Chase Murray hopped into a junior dragster when he was eight years old and never looked back. He now competes in Top Dragster and Super Comp in the NHRA circuit.
Chase Murray started making test passes in a Sears parking lot in his junior dragster when he was seven years old. Ever since then, he has never looked back and is full speed ahead looking at his future and where his racing career can take him.
Murray participated in Top Dragster and Super Comp in the NHRA and Lucas Oil Drag Racing Series. You can mostly find him on in the Division 4 and 5 area.
We caught up with Chase and got to learn more about his racing career in the following Q&A.
DragChamp Racer Spotlight with Chase Murray
How long have you been racing?
23 years, since I was 8.
How did you get introduced to the sport?
My parents went to a swap meet when I was 7, while I stayed home with my grandparents. They saw a Jr. Dragster for sale and bought it since my dad loves all things hot rod. We made a few practice runs in the local SEARS parking lot until my 8th birthday when I started racing at Houston Raceway Park.
Which class or classes do you compete in?
Top Dragster and Super Comp
Where do you normally race? Provide a little history of your career.
My home track is Baytown (Houston Raceway Park). The tracks I frequent the most are State Capitol Raceway in Baton Rouge, Louisiana, and No Problem Raceway in Belle Rose, Louisiana. There is just something about the amazing people over there and all the awesome cooking..it’s a guaranteed good time every race.
I ran juniors from 8 until I was 18, then I took about 2 years off while I started college at Lamar Institute of Technology in Beaumont, TX where I pursued an Associate’s Degree in Instrumentation Technology…and we waited until the funds were there and then purchased a used turn-key Top Dragster (632ci with 2 kits of Nitrous, ran 6.70s) totally skipping the Super Comp step that most drivers take. It went immediately from Juniors to Top Dragster and I was hooked even more.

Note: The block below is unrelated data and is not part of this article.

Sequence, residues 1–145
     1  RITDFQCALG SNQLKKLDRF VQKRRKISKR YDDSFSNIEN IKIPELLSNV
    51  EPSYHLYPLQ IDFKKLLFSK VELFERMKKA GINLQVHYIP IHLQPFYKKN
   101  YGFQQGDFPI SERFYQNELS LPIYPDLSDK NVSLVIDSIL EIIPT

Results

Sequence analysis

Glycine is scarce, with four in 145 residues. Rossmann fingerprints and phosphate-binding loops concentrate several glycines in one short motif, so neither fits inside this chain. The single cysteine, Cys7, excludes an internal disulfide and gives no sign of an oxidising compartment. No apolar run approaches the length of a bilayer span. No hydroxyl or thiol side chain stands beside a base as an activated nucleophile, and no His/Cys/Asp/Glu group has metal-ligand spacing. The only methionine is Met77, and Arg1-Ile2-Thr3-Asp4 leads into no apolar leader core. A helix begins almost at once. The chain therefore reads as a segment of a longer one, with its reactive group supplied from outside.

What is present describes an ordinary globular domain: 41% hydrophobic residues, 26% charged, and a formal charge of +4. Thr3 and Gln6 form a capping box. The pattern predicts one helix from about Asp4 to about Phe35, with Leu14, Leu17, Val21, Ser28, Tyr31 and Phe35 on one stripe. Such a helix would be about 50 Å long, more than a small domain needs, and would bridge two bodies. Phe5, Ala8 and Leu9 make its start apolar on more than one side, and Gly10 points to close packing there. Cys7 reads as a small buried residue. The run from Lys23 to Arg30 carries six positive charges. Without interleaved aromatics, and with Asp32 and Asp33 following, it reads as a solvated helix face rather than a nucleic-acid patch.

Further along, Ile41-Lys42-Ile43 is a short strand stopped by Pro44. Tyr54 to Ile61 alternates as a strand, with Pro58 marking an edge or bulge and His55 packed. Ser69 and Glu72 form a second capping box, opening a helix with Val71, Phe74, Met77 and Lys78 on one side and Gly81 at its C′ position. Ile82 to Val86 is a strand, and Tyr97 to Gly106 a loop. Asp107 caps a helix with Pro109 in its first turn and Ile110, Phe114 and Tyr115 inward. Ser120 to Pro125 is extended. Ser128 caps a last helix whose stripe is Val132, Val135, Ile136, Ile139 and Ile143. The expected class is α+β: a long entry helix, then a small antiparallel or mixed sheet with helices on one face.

Fast forward a few years and we ran across a great deal on another dragster, hence making us 2-car operation and allowing me to run SC and TD. In 2015-2016 I had the opportunity to travel quite a bit and went everywhere from Florida to Bristol, Georgia, Indy, Vegas and Pomona. What an amazing year that was. What was really cool about that season was catching up with and meeting people who I had gotten to know on social media throughout the years. The racers truly are one big family, across the world, all sharing that same passion.
Tell us about your current race car. How long have you owned it, chassis builder, engine, drivetrain, how fast does it run, etc.
Top Dragster: 2006 Spitzer hardtail purchased in 2010, 509 ci Big Block Chevy. 14-71 Supercharger. 2-speed power glide transmission from FTI. Quickest pass to date is 5.97 @ 231 (whoops) Typically set-up to run 6.20 @ 225
Super Comp: purchased in 2008. 245” Miller 4-link, Sunset Performance 582 ci making 1075 hp. Runs 8.90 @ 174. 2-speed power glide transmission from FTI.
Please list your major racing accomplishments.
PDRA Top Dragster Win, Thanksgiving Race $10k win in Belle Rose, Pine Valley Raceway – Lufkin, Tx I won a shootout race on my birthday weekend on August 9th. Made it down to the Semifinals in my very first outing in Super Comp at Indy in 2015…only to be so amped up that I went -.006 red against Luke Bogacki (which I had just taken his and Tommy Phillips school the week before in Memphis)
What’s on your bucket list, future goals, what do you hope to achieve?
I would like to run a race in a Top Alcohol Dragster one day, and of course make a lap in a Top Fuel Dragster also.
What is your favorite race car, and why?
Honestly, it’s a split between my two dragsters. The Top Dragster is obviously way faster, which gives a crazy thrill and adrenaline rush, while the Super Comp takes some calculations every run to attempt to get it dialed in, so I enjoy that aspect of it also. I also love having the Super Comp car that I can take to weekly bracket race events.